The point of law arises from the assessment of risk to Burmese nationals who attended demonstrations in the UK allegedly for cynical reasons in order to fabricate an asylum claim once they were outside Burma in order to avoid having to go back. This is referred to by refugee lawyers as a ‘sur place‘ claim because it arises from activities outside the country of origin after departure from that country. The appellants argued that even if their activities were cynical, a risk is still a risk, whether it is manufactured or not, a proposition going back to the Danian  Imm AR 96 case. The Burmese authorities are intensely paranoid, are known closely to monitor ex patriate groups and demonstrations and would not necessarily distinguish logically and rationally between a ‘hanger on’ at a protest and a genuine, motivated activist. The hanger on might well be at as much risk as the activist, it was said.
The tribunal in TL decided against the appellants on this point, rejecting the evidence of a former British ambassador to Burma in order to do so. Every other aspect of his evidence had been accepted. The tribunal held that the Burmese authorities would be able to distinguish between a real activist and a ‘hanger on’ and that the latter would not be at risk.
The Court of Appeal has now overturned this central aspect of TL on two grounds. Firstly, a parallel drawn by the tribunal concerning the safety of failed asylum seekers and hangers on was a false one as there was no route by which information about false asylum claims could reach the Burmese authorities whereas the known monitoring of protests provided such a route for hangers on. Secondly, and rather more damningly of the tribunal panel responsible, Maurice Kay LJ went on:
31. The second flaw is the underlying assumption that the Burmese authorities in Rangoon operate a rational decision-making process which can reliably be trusted to distinguish between a genuine political opponent and a hanger-on. There is no evidence of how the authorities, faced with a person identified and photographed participating in an anti-government demonstration outside the Embassy in London, might go about satisfying themselves that the person in question is simply an opportunistic hanger-on. The general evidence about the behaviour of the authorities does not support a tendency to rational, careful assessment. The accepted evidence is of a repressive, arbitrary regime. A presumption of rational assessment – which is what paragraph 93 amounts to – is, in my judgment, counter-intuitive in the context of the rest of the accepted evidence. The confidence placed in the Burmese authorities is not supported by evidence. For these reasons, I do not consider that the reasoning of the UT can be supported.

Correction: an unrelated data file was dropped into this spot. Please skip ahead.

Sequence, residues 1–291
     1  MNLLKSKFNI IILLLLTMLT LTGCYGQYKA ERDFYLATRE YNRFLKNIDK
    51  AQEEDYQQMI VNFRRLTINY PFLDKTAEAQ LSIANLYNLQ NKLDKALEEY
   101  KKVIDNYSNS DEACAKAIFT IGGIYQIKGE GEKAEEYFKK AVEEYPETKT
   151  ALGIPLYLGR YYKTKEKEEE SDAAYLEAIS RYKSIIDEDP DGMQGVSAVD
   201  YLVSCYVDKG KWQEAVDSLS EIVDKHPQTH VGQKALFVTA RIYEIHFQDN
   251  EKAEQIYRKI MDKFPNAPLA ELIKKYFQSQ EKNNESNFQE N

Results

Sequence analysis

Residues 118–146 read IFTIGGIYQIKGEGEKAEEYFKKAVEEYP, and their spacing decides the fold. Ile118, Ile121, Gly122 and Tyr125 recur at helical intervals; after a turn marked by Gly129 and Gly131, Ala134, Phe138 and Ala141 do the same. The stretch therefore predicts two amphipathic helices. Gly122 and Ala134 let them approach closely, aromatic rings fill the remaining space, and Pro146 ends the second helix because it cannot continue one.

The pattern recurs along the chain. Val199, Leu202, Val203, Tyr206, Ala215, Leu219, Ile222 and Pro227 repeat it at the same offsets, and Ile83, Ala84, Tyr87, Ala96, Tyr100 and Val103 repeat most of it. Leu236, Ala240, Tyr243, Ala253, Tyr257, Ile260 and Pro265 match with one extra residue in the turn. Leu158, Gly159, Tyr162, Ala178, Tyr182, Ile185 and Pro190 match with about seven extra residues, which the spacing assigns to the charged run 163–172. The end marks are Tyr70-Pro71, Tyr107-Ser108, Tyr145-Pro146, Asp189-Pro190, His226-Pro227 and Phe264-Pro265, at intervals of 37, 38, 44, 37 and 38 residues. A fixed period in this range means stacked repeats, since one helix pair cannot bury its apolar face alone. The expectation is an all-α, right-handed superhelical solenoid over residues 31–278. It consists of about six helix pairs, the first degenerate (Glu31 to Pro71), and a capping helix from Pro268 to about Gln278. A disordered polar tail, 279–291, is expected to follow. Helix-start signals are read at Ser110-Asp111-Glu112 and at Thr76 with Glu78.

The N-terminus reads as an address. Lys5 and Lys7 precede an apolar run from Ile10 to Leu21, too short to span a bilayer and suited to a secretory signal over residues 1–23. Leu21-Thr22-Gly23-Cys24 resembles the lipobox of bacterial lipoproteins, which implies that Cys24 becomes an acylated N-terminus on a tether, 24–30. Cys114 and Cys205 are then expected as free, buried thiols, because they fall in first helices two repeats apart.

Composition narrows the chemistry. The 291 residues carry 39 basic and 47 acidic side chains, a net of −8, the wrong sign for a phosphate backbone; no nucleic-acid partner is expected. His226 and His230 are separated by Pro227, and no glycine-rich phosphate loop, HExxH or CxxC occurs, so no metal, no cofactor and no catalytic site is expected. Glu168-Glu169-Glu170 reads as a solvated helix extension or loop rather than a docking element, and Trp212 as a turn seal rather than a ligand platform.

Repressive regimes do not behave according to the rational expectations of those of us fortunate enough to be sitting in the comfort of the UK. This was exactly the point made by the ex ambassador. That the tribunal thought they knew better based on supposition not evidence is really quite surprising.
The reason that this flawed reasoning has only now been overturned is that the individual appellant in TL won her case. She could not appeal and had no reason to do so because she was not found to be a hanger on. The findings of the tribunal on hangers on were obiter dicta (non binding in legal speak), in so far as factual findings rather than legal conclusions can be so described.